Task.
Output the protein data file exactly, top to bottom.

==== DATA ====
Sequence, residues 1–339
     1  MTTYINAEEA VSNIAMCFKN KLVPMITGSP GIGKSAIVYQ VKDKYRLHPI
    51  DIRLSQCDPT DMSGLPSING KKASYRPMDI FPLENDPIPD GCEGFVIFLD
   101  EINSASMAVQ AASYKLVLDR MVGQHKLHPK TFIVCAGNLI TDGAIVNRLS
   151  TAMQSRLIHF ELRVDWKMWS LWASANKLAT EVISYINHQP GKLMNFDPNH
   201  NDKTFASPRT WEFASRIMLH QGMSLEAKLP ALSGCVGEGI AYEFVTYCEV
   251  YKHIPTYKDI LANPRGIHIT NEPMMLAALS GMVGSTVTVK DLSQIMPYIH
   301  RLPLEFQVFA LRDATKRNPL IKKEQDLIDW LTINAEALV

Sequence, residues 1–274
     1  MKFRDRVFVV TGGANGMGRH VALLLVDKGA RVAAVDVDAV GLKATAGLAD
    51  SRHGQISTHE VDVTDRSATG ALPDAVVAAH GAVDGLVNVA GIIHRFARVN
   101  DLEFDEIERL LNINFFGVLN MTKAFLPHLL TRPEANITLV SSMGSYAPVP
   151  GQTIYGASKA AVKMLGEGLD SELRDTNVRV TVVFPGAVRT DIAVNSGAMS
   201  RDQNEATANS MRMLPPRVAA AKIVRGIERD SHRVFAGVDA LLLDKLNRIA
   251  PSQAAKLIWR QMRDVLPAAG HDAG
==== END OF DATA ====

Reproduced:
Sequence, residues 1–339
     1  MTTYINAEEA VSNIAMCFKN KLVPMITGSP GIGKSAIVYQ VKDKYRLHPI
    51  DIRLSQCDPT DMSGLPSING KKASYRPMDI FPLENDPIPD GCEGFVIFLD
   101  EINSASMAVQ AASYKLVLDR MVGQHKLHPK TFIVCAGNLI TDGAIVNRLS
   151  TAMQSRLIHF ELRVDWKMWS LWASANKLAT EVISYINHQP GKLMNFDPNH
   201  NDKTFASPRT WEFASRIMLH QGMSLEAKLP ALSGCVGEGI AYEFVTYCEV
   251  YKHIPTYKDI LANPRGIHIT NEPMMLAALS GMVGSTVTVK DLSQIMPYIH
   301  RLPLEFQVFA LRDATKRNPL IKKEQDLIDW LTINAEALV

Sequence, residues 1–274
     1  MKFRDRVFVV TGGANGMGRH VALLLVDKGA RVAAVDVDAV GLKATAGLAD
    51  SRHGQISTHE VDVTDRSATG ALPDAVVAAH GAVDGLVNVA GIIHRFARVN
   101  DLEFDEIERL LNINFFGVLN MTKAFLPHLL TRPEANITLV SSMGSYAPVP
   151  GQTIYGASKA AVKMLGEGLD SELRDTNVRV TVVFPGAVRT DIAVNSGAMS
   201  RDQNEATANS MRMLPPRVAA AKIVRGIERD SHRVFAGVDA LLLDKLNRIA
   251  PSQAAKLIWR QMRDVLPAAG HDAG